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DOJ: ‘Gov’t now P40B richer’

By: - Reporter / @MRamosINQ
/ 07:07 AM October 07, 2017

A guard keeps watch outside the Mighty Corp. compound in Makati City on the day the company, facing tax evasion charges, entered into a P40-billion settlement with the government. —LYN RILLON

Case closed.

Mighty Corp. owner Alexander Wongchuking has skirted criminal indictment after he entered into an out-of-court settlement with the Bureau of Internal Revenue (BIR) over the P38-billion tax evasion case filed against him and three other executives of the homegrown cigarette maker.

This prompted the Department of Justice (DOJ) to toss out the three separate complaints for tax evasion brought against Wongchuking, Mighty president Edilberto Adan, executive vice president Oscar Barrientos and treasurer Ernesto Victa.

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“Under our tax laws, settling a tax case is allowed. We could consider this case as closed,” Justice Secretary Vitaliano Aguirre II told reporters on Friday.

“The government of the Philippines is now P40 billion richer, including (surcharges),” Aguirre added.

Joint resolution

In a joint resolution dated Oct. 2, a three-member panel of DOJ prosecutors headed by Senior Assistant State Prosecutor Sebastian Caponong Jr. granted the Sept. 26 motion of the BIR that sought to withdraw the criminal cases against the officials of Mighty.

The state prosecutors said Section 24 of Republic Act No. 8424, or the National Internal Revenue Code, allowed BIR Chief Caesar Dulay to “compromise, abate and refund or credit taxes, and to compromise criminal violations except those already filed in court or those involving fraud.”

“[Considering] further that the parties to the instant are not opposed to the prayer for the withdrawal of the complaints, it behooves (the DOJ) to grant the motion if only to promote greater interest of the parties involved,” read a portion of the two-page resolution.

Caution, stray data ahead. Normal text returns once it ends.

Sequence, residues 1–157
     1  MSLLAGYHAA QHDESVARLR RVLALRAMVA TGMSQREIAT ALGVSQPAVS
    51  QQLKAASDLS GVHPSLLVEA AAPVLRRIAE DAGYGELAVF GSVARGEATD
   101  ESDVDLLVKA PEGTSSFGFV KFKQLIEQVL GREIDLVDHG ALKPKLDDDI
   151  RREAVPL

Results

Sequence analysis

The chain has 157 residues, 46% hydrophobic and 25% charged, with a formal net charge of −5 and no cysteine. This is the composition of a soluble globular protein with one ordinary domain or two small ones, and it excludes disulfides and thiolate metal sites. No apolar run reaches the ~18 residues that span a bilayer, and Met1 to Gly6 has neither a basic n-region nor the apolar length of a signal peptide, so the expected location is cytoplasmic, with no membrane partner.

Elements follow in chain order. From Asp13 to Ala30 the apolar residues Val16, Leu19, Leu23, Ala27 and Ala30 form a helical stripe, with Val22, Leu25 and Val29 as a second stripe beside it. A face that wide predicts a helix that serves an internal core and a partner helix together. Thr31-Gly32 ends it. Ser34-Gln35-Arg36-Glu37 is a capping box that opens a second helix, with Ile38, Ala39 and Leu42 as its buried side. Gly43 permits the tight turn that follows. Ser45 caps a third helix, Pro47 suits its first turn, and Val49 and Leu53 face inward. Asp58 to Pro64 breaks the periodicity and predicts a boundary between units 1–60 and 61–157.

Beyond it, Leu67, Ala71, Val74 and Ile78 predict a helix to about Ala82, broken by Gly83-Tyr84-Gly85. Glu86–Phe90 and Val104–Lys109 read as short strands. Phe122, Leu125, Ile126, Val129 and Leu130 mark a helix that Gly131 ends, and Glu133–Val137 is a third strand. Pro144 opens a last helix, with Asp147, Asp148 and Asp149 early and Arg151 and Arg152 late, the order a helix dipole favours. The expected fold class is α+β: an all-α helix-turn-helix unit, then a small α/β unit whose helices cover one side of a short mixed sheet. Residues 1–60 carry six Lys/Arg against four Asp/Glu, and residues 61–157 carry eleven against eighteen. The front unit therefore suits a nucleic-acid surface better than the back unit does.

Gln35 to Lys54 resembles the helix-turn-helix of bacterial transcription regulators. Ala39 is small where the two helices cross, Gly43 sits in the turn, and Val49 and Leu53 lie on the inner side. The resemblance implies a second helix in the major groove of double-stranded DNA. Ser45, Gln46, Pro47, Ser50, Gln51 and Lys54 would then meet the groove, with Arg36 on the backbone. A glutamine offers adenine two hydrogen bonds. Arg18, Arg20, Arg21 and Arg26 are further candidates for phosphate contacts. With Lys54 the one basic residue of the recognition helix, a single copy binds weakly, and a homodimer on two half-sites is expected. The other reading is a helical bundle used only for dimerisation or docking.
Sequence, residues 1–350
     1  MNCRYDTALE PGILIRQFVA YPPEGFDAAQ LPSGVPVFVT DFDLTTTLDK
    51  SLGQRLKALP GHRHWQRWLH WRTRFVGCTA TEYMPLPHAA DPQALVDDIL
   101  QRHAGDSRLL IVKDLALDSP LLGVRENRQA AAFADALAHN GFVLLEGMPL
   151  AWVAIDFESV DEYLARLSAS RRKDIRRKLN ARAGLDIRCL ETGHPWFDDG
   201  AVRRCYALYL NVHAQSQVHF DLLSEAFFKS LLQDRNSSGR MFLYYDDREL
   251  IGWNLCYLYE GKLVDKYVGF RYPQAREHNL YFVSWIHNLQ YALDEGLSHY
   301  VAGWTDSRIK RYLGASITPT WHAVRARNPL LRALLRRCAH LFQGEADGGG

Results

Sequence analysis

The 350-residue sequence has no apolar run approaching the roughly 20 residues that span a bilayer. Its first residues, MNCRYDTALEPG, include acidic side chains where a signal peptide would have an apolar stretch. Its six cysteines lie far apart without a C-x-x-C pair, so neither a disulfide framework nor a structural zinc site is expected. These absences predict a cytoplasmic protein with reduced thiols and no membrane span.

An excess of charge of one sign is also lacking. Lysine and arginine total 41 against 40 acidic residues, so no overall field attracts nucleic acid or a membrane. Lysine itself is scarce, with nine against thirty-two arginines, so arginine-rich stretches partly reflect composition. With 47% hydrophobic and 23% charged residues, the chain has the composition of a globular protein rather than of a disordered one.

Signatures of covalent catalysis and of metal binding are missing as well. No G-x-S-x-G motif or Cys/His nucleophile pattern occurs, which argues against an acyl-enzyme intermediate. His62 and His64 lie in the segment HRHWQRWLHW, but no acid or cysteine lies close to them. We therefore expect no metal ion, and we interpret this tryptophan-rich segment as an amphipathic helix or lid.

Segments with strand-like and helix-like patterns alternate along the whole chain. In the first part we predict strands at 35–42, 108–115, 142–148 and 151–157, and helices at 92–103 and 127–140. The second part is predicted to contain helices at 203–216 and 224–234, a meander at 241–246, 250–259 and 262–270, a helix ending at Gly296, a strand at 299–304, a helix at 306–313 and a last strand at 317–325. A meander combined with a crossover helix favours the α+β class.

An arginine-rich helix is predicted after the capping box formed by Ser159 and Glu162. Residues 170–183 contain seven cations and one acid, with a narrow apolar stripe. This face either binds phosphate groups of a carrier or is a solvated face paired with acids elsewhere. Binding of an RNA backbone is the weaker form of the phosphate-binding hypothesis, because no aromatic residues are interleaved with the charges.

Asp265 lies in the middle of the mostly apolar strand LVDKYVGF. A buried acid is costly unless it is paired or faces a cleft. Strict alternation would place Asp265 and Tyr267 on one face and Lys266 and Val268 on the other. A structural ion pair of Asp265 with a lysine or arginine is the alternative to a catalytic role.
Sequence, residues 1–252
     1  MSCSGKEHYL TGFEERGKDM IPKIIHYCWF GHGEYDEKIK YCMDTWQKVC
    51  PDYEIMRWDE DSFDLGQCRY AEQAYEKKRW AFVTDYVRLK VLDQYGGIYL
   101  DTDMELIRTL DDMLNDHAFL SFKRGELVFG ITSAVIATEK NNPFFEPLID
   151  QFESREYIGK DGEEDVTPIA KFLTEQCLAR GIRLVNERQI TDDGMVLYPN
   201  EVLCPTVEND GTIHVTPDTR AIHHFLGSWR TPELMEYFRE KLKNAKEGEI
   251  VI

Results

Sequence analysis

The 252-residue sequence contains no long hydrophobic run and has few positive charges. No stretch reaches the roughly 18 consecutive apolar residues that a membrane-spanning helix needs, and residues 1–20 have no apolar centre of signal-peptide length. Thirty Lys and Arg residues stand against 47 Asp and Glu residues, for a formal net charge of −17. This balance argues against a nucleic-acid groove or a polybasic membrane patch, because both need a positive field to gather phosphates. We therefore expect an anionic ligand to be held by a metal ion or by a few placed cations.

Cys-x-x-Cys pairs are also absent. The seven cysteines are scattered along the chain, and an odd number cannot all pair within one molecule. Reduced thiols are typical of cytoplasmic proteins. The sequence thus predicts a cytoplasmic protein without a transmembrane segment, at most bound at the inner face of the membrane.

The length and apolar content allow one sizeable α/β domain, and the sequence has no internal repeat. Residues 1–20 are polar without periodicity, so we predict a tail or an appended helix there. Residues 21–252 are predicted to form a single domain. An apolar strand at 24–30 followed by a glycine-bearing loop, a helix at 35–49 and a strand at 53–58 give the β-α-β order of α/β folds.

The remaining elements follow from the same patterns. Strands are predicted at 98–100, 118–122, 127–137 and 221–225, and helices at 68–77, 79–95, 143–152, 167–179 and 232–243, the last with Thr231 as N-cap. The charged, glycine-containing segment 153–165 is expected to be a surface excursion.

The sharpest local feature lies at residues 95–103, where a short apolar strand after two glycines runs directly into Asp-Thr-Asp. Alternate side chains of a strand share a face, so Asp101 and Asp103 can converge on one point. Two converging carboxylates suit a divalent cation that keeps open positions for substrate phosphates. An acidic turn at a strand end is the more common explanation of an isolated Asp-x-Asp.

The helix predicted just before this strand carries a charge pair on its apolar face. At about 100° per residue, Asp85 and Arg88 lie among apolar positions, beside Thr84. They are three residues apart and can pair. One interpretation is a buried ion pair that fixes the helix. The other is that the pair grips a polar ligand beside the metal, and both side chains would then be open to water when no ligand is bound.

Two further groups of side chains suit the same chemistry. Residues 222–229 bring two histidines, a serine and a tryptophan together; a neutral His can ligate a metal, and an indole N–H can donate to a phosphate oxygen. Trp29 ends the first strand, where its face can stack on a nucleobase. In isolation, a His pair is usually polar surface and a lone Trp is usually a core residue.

President Duterte had earlier threatened to order Wongchuking’s arrest for allegedly avoiding the payment of correct taxes, saying the Mighty owner should pay at least P3 billion to the government.

The tax cases forced Wongchuking to sell his company—the country’s No. 2 cigarette manufacturer—to international cigarette giant Japan Tobacco, Inc.

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Terms of settlement

The Duterte administration had accused Mighty of using counterfeit tax stamps to avoid paying P37.88 billion in taxes.

However in July, President Duterte ordered the finance department to accept a settlement, under which Mighty, which had 23 percent of the local cigarette market, would drop out of the tobacco business.

The company settled the case with a P30-billion payment and paid another P10 billion in taxes and penalties, he explained.

Mighty had originally offered a 25-billion-peso settlement, Aguirre added.

The Japanese firm, whose global brands include Winston and Camel, announced last Aug. 22 that it was purchasing Mighty for P46.8 billion. —WITH A REPORT FROM AFP

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